On Writing & Publishing by Robin D. Owens

Personal notes on writing techniques, writing a novel, my writing career and threading your way through publishing a book.

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Location: Denver, United States

RITA Award Winning Author -- that's like the Oscar, folks! Futuristic/Fantasy Romance and Fantasy with Romantic Subplots.

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Monday, February 20, 2006


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Yes, I'm late, I stayed up late watching the Olympics, got up early and worked on the first scene of Heart Change that I want to include with my synopsis of same. Then worked on the (&$(#&)(%(%$*$#&$^!!!! synopsis (no it never gets easier).

A proposal (also called partial) is usually the first 3 chapters (or first chapter, or first 50 pages depending upon the agent/editor) and a synopsis that can be anywhere from a page to ten (also depending upon the request). I know some people who sell on a paragraph, and I must admit that the last book I turned in was a "blind" book, Berkley had no clue what it was getting, but now I'm back to synopses.

The chapters and synopses should showcase your talent. They should be as perfect as you can make them and still have your own, unique voice.

I'd rather do chapters than synopses, as you all know, and since I wasn't sure what would be required of me, I'd already written the beginning of Heart Match. I have TWO beginnings of Heart Fate that I will "meld" together, and the first scene (only 4 pages) of Heart Change that I wrote this morning. For me, this is to show my editor that I CAN still write after stilted synopses.

The synopses are the best I can make them and get them out at this time...but I'm not really willing to go through 3 more critiques to polish and polish and polish every word, turn of phrase, and the whole darn thing. They will go out more awkward than I really like, but there comes a time when polishing the thing takes hours and the brain bleeds, and may be as productive as changing a comma. So out they'll go, a trifle rough, WITH pages.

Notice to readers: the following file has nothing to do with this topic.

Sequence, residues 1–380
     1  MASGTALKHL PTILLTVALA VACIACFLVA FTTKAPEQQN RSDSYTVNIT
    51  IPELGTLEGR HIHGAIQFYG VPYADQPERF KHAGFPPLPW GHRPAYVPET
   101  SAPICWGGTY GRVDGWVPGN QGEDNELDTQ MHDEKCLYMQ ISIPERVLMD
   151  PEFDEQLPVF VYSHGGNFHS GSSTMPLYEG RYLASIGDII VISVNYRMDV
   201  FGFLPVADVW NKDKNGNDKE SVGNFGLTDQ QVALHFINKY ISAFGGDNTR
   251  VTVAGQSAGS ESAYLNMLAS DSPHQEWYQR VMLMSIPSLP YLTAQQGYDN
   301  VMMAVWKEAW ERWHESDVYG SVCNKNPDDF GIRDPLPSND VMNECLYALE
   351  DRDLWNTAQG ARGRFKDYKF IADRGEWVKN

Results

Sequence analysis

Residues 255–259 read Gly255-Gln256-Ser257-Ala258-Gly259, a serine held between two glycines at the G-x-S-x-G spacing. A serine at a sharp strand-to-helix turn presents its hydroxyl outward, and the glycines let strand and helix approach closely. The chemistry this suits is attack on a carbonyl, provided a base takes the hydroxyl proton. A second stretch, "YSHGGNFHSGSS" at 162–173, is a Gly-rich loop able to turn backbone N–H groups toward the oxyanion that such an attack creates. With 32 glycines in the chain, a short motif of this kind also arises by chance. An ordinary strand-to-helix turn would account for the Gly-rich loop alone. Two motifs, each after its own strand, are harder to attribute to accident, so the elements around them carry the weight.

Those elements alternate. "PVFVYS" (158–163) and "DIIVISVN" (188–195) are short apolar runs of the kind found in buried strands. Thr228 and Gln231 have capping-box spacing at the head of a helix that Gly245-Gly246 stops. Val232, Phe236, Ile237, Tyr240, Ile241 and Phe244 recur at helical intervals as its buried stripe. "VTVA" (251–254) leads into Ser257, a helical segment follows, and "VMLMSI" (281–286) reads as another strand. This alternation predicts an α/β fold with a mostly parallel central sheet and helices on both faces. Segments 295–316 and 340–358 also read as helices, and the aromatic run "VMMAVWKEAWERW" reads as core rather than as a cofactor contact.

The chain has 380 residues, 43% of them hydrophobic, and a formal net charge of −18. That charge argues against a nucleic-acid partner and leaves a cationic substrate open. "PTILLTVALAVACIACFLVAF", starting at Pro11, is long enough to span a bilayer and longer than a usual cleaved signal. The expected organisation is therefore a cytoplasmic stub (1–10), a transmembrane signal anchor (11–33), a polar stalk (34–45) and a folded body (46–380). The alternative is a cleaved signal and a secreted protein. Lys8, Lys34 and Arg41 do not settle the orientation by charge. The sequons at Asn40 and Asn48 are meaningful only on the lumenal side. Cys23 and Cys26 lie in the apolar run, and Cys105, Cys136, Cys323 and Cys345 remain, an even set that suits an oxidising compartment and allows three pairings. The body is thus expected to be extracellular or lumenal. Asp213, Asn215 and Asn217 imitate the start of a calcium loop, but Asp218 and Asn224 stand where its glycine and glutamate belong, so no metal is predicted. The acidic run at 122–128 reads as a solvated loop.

A synopsis is to let the editor know YOU can tell a story and have it hang together.

For those of us who write and find the story mostly hangs together after we type "The End," plotting can be a real challenge. But I've said this before.

Proposal = first three chapters, Synopsis, Query Letter (and no, I probably won't ever have a query letter here because I never did a cold query, always had a request to send a partial).

It's rare that authors are immediately asked for a full manuscript, usually partials are requested, then the full. And that's writer speak. "I was asked for a partial." "They requested a full!"

So best of luck today on all your submissions. May they not need any polishing.


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